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Caring for the Senior Alien

Our Cats Own Us; Here’s What To Do

Seniors are special in all species, but today we are going to focus on the felines.

I hope you are all familiar with some of the cat memes and jokes going around where we humans are the alien captors, because those are the goggles I want you to put on. (For those unfamiliar, a few of my favorites are noted after the article’s end.)

Cats are strange creatures. They definitely don’t fit the same pleasing mold that most dogs fall into. We own our dogs, but are owned by our cats. With the huge improvements in nutrition and veterinary care, we are seeing our cats live longer lives – meaning more years to manipulate us humans into serving their needs big and small.

We used to consider cats as seniors around age eight, but with the average life span stretching from 12-14 years to 16-18 years, true senior years may now begin a little later. However, the physiologic changes that we associate with middle age do begin when a cat reaches eight to 10 years of age (about the human equivalent of 40 to 50).

So as human captors, what can we do better to take care of our aging alien cats?

Cats are masters of hiding illness, so the first key to senior care is regular veterinary examinations. Once over age eight, your kitty should see their veterinarian every six months. I can see you rolling your eyes, but here’s why: Six months for your cat is the equivalent of a human aging two to three years. And, once a senior, an internal physical evaluation via laboratory values of blood and urine should be performed. This lets us screen for many changes of aging and disease that we can treat or support.

Identifying pain in cats is a harder game. They don’t show pain as simply as we do. More often they keep obvious signs of pain quiet or we poor human captors may see a behavior change to which we attribute other causes. But we know from recent large volume studies that more than 90 percent of senior cats have radiographic evidence of arthritis in their back or knees.

So what can we do to help manage pain and mobility issues? Again, see your veterinarian to formulate a plan specific to your cat, but here are a few:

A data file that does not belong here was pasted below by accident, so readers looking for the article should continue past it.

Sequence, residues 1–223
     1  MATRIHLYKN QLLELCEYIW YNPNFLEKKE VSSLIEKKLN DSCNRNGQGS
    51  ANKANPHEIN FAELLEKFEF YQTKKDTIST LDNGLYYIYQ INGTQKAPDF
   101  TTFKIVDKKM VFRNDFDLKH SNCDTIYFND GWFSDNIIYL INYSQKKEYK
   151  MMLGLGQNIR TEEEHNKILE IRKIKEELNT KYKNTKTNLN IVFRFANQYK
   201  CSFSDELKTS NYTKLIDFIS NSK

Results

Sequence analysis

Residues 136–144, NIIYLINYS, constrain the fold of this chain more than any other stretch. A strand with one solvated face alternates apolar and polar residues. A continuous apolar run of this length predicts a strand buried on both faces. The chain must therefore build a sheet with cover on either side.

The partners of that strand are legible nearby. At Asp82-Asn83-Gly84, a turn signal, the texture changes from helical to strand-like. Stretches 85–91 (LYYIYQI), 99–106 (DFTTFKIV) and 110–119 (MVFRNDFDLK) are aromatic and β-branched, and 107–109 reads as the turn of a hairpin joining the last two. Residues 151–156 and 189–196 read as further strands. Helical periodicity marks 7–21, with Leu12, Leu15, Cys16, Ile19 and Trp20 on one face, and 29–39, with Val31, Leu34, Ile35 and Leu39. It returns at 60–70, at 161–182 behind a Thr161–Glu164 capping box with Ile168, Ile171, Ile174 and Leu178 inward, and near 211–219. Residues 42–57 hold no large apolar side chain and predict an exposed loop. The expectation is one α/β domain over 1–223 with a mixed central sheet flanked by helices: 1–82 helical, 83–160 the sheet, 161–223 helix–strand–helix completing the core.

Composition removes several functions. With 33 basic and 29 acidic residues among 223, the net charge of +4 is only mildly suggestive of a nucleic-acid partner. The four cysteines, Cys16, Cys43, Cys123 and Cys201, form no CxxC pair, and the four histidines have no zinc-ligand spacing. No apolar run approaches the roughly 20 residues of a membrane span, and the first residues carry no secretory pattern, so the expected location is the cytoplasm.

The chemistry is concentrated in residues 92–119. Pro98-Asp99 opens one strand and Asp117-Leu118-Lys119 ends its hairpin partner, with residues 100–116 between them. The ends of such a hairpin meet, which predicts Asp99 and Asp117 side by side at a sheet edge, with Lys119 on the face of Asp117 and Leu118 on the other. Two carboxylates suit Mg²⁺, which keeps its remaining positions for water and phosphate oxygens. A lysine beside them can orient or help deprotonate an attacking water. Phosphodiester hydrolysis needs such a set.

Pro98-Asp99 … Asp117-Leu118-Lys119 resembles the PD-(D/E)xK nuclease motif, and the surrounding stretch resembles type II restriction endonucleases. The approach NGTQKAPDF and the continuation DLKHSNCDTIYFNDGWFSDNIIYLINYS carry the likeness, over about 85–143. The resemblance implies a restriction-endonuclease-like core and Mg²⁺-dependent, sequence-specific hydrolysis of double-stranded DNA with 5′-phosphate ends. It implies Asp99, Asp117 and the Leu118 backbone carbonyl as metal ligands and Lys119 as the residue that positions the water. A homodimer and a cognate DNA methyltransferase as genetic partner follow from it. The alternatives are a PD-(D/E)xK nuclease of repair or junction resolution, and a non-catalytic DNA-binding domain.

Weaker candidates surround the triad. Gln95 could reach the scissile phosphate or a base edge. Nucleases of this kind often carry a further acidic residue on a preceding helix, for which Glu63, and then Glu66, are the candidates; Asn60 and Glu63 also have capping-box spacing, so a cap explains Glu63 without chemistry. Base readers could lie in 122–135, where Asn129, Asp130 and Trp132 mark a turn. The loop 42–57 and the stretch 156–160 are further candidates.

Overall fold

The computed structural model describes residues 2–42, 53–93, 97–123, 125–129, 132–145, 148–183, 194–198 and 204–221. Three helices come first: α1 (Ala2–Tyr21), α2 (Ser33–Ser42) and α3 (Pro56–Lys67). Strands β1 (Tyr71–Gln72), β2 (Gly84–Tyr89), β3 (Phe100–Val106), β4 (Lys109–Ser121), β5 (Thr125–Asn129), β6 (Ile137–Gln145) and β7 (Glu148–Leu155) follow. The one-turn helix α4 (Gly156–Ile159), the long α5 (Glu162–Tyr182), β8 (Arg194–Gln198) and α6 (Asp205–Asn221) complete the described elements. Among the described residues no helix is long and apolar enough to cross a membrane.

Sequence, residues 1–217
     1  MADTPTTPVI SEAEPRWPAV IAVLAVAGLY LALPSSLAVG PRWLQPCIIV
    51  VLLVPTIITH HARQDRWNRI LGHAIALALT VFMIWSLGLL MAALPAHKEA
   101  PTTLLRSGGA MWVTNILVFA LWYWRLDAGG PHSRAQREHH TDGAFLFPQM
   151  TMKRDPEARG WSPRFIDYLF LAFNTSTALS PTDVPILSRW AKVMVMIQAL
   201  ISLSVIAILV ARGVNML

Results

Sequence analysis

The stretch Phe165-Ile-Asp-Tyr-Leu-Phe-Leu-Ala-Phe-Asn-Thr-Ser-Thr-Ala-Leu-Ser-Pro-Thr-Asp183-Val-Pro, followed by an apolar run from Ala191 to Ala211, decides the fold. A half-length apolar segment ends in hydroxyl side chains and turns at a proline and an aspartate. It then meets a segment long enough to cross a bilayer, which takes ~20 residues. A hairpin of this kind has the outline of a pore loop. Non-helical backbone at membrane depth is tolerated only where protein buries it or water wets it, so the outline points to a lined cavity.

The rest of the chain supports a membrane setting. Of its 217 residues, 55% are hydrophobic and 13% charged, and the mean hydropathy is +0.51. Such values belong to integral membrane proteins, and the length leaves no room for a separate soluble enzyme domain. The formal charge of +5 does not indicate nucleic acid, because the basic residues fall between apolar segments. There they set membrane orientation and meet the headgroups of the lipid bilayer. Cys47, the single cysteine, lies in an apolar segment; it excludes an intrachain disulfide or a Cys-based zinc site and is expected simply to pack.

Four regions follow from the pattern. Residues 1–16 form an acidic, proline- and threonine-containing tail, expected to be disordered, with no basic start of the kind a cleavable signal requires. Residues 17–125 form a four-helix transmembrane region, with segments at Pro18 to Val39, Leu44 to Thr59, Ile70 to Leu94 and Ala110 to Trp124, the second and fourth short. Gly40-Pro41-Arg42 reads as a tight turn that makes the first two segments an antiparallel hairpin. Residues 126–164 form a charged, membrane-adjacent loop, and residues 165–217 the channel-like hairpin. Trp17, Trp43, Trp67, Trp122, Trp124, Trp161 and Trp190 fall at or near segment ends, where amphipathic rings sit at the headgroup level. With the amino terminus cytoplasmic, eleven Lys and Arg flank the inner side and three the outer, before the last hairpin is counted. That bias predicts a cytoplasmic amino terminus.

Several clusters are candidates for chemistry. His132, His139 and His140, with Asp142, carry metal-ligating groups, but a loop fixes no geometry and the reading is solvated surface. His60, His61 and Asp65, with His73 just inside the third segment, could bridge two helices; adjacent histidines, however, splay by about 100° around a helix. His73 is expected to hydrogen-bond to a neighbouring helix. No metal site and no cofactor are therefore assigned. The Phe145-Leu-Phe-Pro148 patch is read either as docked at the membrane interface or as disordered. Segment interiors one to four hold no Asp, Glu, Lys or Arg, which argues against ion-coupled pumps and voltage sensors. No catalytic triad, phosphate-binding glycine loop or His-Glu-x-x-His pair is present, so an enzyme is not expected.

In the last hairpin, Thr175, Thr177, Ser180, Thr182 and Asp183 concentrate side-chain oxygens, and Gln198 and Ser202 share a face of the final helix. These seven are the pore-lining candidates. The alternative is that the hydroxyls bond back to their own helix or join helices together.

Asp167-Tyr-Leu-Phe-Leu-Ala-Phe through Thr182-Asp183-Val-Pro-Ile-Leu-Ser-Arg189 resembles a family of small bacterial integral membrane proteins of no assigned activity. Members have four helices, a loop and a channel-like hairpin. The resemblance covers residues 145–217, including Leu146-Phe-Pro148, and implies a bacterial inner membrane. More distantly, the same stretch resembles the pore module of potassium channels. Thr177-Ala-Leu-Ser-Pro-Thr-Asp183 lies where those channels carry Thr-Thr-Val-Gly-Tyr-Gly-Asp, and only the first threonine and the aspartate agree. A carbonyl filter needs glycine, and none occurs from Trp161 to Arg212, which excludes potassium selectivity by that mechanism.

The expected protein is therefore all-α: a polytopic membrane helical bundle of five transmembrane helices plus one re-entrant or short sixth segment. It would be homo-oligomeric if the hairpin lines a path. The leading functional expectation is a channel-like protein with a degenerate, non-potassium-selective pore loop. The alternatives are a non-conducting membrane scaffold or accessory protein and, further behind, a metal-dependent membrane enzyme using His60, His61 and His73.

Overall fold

Weight management: More than 70 percent of cats are overweight and that has a huge impact on mobility and pain. We are just learning in medicine about the physiology of fat and its huge negative secretory capacity. Fat is not inert and secrete pro-inflammatory and inflammatory cytokines that lead to pain. And, weight can have a significant impact on simple movement – it’s a vicious cycle, if it hurts you don’t move much and then you gain weight.

Environmental accommodations: When something hurts, automatic changes occur, but our feline friends don’t do a good job explaining their new accommodation (pooping outside the litter box?) and we often attribute to malicious intent. But, if your back hurts from arthritis, are you going to want to take a trip from the top floor to the basement? For older kitties, as much as your home space allows, have a litter box on each level. Also make sure that the threshold of the litter boxes are not hugely tall, making getting in to the box more difficult if your back, knees and/or elbows are sore. (We’ll focus on more aspects of litter boxes for happy, healthy cats in a future article.) Help them with access to cushy places with pet stairs or strategically placed ottomans, to allow access without big jumps.

Pain Management: Once identified, there are many options, both non-medication and medication, to help manage pain. We are learning more every year about how pain works and its impacts on function in both humans and animals. There is no one mode of pain management for a patient, but rather a personally tailored mix of supplements, medication and physical management (laser, acupuncture, physical therapy, etc.).

As the caretaking captor of a senior feline alien, take a look at their world from their perspective, and seek partnership with your veterinarian in developing the best care plan for these special creatures.

Favorite Cat-Captor Memes

1. Henri – le chat Noir: Google this wonderful existential pondering of a very sophisticated cat.

2. Cat Diary: Google this term and you will find yourself in a highly entertaining rabbit hole.

Dr. Margot can be reached at parkhillvet.com.


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